UPDATED 12:40pm, 4/8/20 to include a quote that hospital staff only found out about the 15 COVID-cases when news reports surfaced Wednesday morning.
As many as 15 health care workers at Maui Memorial Hospital have tested positive for the COVID-19 virus, Mayor Michael Victorino announced Wednesday morning in a video statement. He said the county was immediately directing all personal protective equipment (PPE) to the hospital’s staff.
“The employees were sent home immediately to self-isolate and plans are moving forward to transport these workers to a quarantine site away from their families,” Victorino said earlier in a news release. He said the county was working closely with health officials to accelerate testing for additional hospital workers Tuesday afternoon.
The Honolulu Star-Advertiser reported Wednesday that those workers may have had direct contact with an additional 300-500 people.
Days ago, MauiTime was told by several hospital sources that a small group of nurses and technicians possibly had been exposed to the virus, but were told to continue to work, wear a mask, and take their temperatures during each shift. Maui Memorial was contacted for comment, but never responded.
The sobering news comes within weeks of a public outcry from Maui Memorial health care workers that the hospital’s policy forbidding the use of face masks in hospital “common areas,” such as nurse’s stations, hallways and elevators areas was exposing them to possible infection, or to infecting others. The hospital reversed that policy on March 30.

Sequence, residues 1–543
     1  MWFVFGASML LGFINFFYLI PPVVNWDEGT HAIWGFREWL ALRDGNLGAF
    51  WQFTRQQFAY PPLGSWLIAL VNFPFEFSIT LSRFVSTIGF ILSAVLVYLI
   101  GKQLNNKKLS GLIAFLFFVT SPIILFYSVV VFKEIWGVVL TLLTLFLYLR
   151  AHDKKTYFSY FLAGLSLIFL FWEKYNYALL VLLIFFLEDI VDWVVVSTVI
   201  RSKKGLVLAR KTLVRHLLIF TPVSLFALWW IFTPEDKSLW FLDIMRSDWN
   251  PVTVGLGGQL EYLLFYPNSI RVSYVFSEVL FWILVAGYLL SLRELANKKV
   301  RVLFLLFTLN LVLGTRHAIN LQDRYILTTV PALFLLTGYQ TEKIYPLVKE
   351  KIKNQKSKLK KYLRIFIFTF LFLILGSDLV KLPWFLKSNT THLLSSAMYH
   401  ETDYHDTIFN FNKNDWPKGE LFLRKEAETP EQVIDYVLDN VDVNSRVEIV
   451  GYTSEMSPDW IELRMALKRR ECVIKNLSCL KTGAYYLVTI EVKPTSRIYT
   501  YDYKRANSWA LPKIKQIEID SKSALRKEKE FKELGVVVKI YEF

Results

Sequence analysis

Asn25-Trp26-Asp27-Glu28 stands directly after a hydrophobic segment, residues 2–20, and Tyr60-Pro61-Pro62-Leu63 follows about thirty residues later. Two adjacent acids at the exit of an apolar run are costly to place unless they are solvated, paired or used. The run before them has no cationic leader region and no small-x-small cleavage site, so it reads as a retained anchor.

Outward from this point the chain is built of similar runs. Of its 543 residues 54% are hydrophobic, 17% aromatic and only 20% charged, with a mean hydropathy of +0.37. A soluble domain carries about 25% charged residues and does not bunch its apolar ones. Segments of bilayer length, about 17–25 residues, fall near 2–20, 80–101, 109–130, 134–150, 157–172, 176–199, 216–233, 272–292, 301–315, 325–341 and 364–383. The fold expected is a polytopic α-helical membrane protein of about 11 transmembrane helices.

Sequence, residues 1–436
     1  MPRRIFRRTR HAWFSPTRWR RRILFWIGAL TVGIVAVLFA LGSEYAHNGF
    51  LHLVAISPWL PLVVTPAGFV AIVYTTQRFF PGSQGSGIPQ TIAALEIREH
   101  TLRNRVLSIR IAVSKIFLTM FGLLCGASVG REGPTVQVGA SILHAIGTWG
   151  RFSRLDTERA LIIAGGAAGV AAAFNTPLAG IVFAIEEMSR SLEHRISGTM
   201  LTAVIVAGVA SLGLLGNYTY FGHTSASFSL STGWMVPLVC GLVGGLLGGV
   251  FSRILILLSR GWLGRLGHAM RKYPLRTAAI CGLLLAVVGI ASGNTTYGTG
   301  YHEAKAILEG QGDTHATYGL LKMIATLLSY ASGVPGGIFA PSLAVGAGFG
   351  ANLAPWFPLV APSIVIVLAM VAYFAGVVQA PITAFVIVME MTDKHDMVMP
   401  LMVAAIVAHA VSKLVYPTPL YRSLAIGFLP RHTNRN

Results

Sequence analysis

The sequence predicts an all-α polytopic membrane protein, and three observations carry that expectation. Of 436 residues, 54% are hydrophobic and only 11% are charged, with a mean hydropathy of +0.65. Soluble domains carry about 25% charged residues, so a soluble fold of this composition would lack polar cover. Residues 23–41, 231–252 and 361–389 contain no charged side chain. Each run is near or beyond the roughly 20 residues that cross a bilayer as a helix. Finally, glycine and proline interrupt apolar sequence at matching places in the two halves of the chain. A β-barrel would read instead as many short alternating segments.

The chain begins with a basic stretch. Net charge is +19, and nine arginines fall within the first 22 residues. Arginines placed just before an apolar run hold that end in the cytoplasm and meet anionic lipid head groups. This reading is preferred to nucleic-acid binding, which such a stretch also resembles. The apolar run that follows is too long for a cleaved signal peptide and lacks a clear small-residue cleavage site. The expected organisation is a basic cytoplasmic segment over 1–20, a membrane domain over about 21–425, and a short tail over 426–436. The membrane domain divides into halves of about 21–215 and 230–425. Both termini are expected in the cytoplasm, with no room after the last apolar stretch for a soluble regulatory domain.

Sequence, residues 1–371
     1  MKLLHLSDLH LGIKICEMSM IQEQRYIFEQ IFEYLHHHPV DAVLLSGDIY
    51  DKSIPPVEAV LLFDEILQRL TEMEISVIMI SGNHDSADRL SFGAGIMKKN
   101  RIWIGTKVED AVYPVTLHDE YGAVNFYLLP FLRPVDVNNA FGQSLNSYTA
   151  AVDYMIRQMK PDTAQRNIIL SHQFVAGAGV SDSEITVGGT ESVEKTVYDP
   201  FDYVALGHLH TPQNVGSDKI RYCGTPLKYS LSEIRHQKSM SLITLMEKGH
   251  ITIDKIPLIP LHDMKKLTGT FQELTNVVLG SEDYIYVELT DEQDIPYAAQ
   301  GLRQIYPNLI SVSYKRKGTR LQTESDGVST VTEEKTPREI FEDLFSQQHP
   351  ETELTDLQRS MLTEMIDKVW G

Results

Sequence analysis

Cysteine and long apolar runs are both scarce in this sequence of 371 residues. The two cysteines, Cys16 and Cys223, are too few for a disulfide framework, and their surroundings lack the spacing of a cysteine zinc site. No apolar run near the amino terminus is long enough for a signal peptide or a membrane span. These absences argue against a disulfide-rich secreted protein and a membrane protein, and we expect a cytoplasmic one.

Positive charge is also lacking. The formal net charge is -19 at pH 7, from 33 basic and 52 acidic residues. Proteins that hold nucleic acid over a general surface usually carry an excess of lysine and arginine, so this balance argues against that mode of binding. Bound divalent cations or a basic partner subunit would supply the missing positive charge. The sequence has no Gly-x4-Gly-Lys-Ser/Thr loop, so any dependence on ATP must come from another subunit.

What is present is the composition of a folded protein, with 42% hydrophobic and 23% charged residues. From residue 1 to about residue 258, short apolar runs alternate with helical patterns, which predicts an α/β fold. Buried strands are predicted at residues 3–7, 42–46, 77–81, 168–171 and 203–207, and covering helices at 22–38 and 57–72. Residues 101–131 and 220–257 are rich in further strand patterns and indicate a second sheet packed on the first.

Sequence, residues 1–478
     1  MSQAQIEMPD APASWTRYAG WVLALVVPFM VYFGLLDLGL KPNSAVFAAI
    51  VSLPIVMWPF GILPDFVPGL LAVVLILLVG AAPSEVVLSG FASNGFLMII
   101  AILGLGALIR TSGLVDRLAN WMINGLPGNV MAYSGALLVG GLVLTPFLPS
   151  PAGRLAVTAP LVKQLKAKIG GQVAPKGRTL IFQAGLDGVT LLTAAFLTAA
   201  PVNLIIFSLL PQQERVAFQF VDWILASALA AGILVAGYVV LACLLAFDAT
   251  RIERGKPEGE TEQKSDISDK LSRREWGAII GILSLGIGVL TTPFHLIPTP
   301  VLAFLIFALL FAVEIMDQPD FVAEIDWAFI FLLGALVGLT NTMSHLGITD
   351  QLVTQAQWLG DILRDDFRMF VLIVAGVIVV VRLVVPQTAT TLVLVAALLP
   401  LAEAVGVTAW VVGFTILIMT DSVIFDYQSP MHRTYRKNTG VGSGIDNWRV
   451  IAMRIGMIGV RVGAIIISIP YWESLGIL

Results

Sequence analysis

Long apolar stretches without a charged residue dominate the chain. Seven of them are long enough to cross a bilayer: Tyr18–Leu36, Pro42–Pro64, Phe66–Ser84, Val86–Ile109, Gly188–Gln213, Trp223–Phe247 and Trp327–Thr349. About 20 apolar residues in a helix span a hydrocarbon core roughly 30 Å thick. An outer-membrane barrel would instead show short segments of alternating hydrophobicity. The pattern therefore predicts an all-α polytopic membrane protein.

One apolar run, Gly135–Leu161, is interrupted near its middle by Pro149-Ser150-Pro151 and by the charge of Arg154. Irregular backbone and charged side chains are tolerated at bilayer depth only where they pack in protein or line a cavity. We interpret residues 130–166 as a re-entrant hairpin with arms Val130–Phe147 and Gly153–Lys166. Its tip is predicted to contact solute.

Hospital staff first learned of the 15 COVID-cases from the news reports Wednesday morning.
“I don’t think workers appreciated finding out that way,” said Rasa Priya Thom, a respiratory therapist at the hospital who said he was speaking as an individual and not in an official capacity. “It creates a lack of trust in our leadership. We’re in this battle together. I was hoping we could have more transparency from the administration.”
Thom said the outbreak was “the very reason why we were pushing to wear masks some time ago. Had the administration acted a week or two earlier, maybe some of this could have been avoided.”
He said he understood that the hospital was following guidelines set by the Centers for Disease Control, “but the problem with that is the people who collect data are a step behind what is actually happening.”
Lt. Gov. Josh Green said the new cluster of cases at the hospital “means we must contact test every close contact of those who are positive. This is the only way to stop the virus. We must immediately improve PPE standards as well. Every hospital worker needs to be kept extra safe given their likelihood of contacting a positive patient.”
Green told members of the Senate Special Committee on COVID-19 Wednesday that eight of the 15 employees who tested positive were connected to the hospital’s oncology ward.
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